5. Camera and Lens Accessories

If you want to save yourself a lot of money and time researching various camera accessories, here’s a quick list of the only accessories you’ll need:

Memory Cards

Get SanDisk, always. Other brands are cheaper, but not reliable – I’ve had entire photo shoots erased because a faulty off-brand card. Some pros endorse Lexar, but if you want to play it safe, stick with SanDisk. The higher the write number (i.e. 60MB/s), the better – a low number means you’ll be stuck waiting for the camera to write the photos on the memory card before you can take more photos, and that sucks. My favorite card is the SanDisk ExtremePro – I would get the 2-card version, it’s always safe to have a backup card.

Camera Bags

Many of the kits I’ve linked to on this website come with a free camera bag. I wouldn’t get one online unless you know what model you want, or have a lot of lenses – stop by any local store that has them and buy the smallest bag that will fit your cameras/lenses and that you like. If you have a lot of pro lenses, these brands are very good Lowepro, Think Tank, Tamrak, Kata, and my favorite – Domke. You can also shop for the camera bag you can afford on Amazon, Adorama, or BH Photo.

I prefer shoulder bags – they often come with a waist belt that makes it easier to carry them, and I find it easier to change lenses especially when I am walking around. Sling bags sound like a good idea, but they often are too small or poorly designed for quick access of bigger lenses. Backpacks are a nice thought too, but again, it takes forever to access your lenses. If speed and quick access is your goal, stick with shoulder bags.

Tripods

I think it’s safe to say that 90% of us don’t need a tripod. I have a professional Manfrotto tripod, and it’s been in my garage for years, although I shoot lots of landscapes and weddings. Tripods were very useful with film cameras, but digital cameras can handle low light a lot better, so tripods are pretty much obsolete. If it makes you feel better to have a tripod, get the best one you can afford. Remember that once you put your camera on a tripod, you have to trust that it will hold it.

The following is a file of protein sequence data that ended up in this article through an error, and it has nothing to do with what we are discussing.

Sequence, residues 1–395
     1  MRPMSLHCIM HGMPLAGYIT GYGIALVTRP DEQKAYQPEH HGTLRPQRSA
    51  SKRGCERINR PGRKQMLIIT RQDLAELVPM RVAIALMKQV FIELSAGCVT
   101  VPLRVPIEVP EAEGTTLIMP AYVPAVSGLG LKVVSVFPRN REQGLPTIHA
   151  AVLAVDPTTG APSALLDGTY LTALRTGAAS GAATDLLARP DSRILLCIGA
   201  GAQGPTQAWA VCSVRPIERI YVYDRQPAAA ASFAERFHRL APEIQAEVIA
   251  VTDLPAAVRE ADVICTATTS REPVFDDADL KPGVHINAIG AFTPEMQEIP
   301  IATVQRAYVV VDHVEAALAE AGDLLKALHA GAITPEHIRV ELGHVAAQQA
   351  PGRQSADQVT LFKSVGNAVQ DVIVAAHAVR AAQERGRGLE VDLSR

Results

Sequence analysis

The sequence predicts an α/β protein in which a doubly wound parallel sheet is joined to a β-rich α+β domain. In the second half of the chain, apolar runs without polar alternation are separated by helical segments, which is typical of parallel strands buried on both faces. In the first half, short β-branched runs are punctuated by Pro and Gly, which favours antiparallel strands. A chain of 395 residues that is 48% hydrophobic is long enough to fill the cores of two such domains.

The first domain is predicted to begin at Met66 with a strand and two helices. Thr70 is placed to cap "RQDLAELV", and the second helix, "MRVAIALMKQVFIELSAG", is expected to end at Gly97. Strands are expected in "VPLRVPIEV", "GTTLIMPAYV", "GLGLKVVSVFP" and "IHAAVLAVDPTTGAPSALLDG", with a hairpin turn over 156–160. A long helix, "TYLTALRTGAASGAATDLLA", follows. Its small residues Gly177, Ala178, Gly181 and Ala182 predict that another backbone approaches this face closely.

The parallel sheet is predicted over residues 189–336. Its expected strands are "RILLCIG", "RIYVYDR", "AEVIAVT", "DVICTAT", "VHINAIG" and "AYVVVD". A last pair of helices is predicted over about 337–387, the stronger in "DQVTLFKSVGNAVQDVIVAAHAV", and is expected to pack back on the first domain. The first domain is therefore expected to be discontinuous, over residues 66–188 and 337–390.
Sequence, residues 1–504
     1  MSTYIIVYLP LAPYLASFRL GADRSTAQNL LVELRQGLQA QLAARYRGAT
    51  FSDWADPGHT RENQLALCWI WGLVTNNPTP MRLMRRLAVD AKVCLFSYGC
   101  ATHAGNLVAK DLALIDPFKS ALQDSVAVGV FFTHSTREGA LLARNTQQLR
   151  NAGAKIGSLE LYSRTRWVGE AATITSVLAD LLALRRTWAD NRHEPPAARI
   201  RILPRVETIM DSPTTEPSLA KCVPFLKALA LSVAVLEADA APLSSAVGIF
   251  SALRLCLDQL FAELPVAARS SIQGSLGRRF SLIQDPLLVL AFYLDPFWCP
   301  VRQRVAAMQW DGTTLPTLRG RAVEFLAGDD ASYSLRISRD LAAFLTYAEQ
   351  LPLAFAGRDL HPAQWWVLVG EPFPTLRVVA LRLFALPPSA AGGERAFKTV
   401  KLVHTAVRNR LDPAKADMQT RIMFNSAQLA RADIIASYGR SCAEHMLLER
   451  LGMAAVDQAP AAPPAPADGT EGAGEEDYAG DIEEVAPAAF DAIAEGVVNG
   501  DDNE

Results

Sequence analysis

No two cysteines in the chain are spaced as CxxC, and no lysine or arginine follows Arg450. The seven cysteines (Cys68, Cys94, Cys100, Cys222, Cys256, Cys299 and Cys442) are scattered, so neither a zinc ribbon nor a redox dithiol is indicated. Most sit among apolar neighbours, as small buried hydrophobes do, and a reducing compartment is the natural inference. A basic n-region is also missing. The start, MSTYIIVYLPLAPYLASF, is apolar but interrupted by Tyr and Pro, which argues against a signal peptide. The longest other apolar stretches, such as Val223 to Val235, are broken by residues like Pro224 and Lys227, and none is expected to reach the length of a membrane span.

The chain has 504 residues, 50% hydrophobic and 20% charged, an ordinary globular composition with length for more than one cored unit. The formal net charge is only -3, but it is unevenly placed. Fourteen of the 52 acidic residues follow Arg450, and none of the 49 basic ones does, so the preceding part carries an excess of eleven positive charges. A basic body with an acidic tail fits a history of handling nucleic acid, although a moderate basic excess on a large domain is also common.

I recommend Manfrotto or Gitzo. Aluminum is heavy, carbon fiber is very light but also very expensive. I’ve heard good things about Dolica tripods, which are very affordable, but my general rule is that a tripod under $100 is most likely a waste of money and a risk of destroying your camera and lens. I would do a search on Amazon, Adorama, or BH Photo and buy the one you can afford – make sure you get one that comes with a tripod legs and head. me if you need more help narrowing down your choices.

Lens Filters

The only filter you need is a Hoya polarizer filter if you shoot landscapes. The fact that you have to have a UV filter on top of each lens is a bit of an exaggeration – most of the time it doesn’t do anything to your photos. If you have one on the lens, it serves as extra safety feature and prevents smudges on the lens glass.

A bad filter will blur your photos, so always get the best filters – I prefer Hoya filters. Make sure to check your lens for the filter size (58mm on Canon 18-55mm f/4-5.6, 52mm on Nikon 18-55mm f/4-5.6).

Batteries

I always carry an extra battery with me for safety when I shoot commercial projects or weddings. You don’t have to buy a brand name battery, just get the one you can afford from Adorama or Amazon – I use the extra battery as a backup, and don’t expect it to last very long.

That’s all you need – any other cleaning kit, macro kit, cheap extenders, etc. is mostly useless fluff. Save your money and instead of wasting $100 on accessories that you’ll never us, buy a lens that will actually make a huge difference in your photos, like the $200 Nikon 50mm f/1.8 or the $125 Canon 50mm f/1.8.